WUC Highlights Failures of China´s Implementation of UPR Recommendations
WUC, 13 February 2012
The WUC participated in the evaluation of China´s implementation of recommendations accepted during the UN Human Rights Council’s Universal Periodical Review (UPR) process. According to WUC’s assessment, China has so far not implemented any of the recommendations.
The Universal Periodic Review (UPR) is a process established by the United Nations Human Rights Council wherein states, UN agencies, and civil society can come together and comment on a wide range of human rights issues and provide recommendations to the ‘State under Review’ (SuR).
The SuR then has the option to accept or reject recommendations, but accepting means that the SuR must seriously consider and work to implement said recommendations.
The first UPR cycle, during which every UN member state underwent review, took place between 2008 and 2012. China’s UPR took place on 9 February 2009. The WUC and the Uyghur American Association (UAA) submitted a joint report to China’s UPR. A summary of stakeholders’ information submitted during China’s review is available here.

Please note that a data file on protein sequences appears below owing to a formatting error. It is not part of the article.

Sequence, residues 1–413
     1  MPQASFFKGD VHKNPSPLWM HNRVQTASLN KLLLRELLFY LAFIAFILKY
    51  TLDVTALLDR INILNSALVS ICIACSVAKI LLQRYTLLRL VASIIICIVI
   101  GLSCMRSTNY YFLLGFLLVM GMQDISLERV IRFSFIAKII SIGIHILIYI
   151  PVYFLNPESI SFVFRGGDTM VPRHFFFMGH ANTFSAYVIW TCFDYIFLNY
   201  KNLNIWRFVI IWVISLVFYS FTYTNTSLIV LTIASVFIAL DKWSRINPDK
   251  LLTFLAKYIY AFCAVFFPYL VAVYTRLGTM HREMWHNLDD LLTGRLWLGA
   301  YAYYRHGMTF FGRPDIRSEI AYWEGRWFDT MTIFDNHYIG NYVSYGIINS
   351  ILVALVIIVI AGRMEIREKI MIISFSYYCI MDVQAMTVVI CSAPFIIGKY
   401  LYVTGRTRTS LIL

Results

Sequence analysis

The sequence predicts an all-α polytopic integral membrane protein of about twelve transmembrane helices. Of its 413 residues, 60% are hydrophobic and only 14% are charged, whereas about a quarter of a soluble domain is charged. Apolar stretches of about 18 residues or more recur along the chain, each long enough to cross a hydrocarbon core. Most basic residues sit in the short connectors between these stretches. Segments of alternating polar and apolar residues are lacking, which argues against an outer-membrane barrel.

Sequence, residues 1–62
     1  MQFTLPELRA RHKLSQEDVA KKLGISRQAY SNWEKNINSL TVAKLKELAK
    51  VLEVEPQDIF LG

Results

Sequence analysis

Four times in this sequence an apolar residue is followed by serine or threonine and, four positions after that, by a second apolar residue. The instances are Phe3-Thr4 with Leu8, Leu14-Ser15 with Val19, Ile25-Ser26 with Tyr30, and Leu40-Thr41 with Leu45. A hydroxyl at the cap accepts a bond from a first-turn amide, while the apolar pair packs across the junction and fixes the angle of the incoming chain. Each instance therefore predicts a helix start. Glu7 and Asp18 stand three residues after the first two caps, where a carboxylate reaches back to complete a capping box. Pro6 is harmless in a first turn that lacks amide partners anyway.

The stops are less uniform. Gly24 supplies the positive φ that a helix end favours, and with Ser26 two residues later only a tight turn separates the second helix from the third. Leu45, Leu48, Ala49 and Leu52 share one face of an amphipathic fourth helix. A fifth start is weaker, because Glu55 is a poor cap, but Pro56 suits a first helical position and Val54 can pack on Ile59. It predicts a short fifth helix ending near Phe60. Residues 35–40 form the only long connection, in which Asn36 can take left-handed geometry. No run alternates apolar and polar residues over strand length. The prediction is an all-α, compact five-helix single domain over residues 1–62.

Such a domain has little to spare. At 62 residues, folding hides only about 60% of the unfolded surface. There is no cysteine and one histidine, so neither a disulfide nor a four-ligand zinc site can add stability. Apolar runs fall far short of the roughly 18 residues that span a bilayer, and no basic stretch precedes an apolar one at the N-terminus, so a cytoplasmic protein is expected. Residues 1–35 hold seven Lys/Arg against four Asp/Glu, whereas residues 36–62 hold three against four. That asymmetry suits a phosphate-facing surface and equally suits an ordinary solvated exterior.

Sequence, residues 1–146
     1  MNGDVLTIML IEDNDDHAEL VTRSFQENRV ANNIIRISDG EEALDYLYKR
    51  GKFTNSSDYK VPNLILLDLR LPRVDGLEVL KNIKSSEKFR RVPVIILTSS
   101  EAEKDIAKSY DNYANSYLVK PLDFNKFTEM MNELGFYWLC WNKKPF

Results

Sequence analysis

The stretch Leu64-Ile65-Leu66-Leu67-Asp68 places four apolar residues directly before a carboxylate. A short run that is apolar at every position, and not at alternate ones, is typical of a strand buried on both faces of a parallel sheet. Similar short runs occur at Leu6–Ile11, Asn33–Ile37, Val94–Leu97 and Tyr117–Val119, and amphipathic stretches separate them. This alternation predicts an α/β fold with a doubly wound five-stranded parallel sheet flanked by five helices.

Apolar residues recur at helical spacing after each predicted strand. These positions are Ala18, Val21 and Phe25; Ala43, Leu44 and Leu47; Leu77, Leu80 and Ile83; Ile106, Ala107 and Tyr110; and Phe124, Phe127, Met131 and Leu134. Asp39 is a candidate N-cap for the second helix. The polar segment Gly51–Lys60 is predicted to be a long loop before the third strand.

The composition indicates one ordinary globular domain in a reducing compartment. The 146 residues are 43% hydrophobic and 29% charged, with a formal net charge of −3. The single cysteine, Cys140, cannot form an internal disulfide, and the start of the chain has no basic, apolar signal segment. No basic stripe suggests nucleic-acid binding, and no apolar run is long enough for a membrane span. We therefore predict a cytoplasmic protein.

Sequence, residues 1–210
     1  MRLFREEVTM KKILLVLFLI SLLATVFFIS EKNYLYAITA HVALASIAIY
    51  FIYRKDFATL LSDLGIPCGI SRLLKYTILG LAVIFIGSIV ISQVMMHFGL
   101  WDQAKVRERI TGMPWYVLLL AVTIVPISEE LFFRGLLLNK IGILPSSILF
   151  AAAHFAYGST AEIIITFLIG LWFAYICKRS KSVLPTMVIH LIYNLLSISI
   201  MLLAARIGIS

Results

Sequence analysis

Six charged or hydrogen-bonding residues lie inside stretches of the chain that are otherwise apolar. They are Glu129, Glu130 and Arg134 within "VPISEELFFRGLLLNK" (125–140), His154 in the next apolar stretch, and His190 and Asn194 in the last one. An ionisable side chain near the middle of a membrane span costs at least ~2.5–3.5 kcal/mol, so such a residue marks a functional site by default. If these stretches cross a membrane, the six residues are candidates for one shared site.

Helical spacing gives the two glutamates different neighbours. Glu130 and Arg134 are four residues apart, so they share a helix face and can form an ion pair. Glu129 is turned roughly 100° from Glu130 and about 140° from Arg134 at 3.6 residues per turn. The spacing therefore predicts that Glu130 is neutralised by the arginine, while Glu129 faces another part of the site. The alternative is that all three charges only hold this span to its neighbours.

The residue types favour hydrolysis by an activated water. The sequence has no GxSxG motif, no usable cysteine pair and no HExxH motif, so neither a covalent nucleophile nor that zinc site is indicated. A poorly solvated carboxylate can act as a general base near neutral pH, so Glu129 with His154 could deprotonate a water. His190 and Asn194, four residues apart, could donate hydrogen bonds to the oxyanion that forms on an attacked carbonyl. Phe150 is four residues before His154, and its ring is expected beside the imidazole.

The second UPR cycle is now underway, and will represent the first opportunity to formally follow-up on the recommendations accepted by States during the first cycle. China will be again under review during the 17th session, to take place in 2013.
Because the UPR process takes approximately 4 years, mid-term follow-up procedures help to ensure that all countries are accountable for progress in implementing these recommendations. For this purpose, UPR Info – a non-governmental organization that aims at raising awareness and providing capacity-building tools to the different actors of the UPR process – publishes a Mid-term Implementation Assessment (MIA) including responses from each stakeholder.
UPR Info notes that the MIA is “meant to show how all stakeholders are willing to follow and implement their commitments” and directly involves NGOs in the process of monitoring States’ implementation of the recommendations. The WUC has been invited to participate in this process and its comments regarding China’s implementation of the accepted recommendations have been published on 13 February 2012.
While time remains for many reviewed states to implement the recommendations, it remains crucial for NGOs to continue shining a spotlight on the situation of indigenous and minority peoples. By participating in international mechanisms to ensure accountability of all states, more attention can be brought to bear on these issues, paving the way for meaningful changes.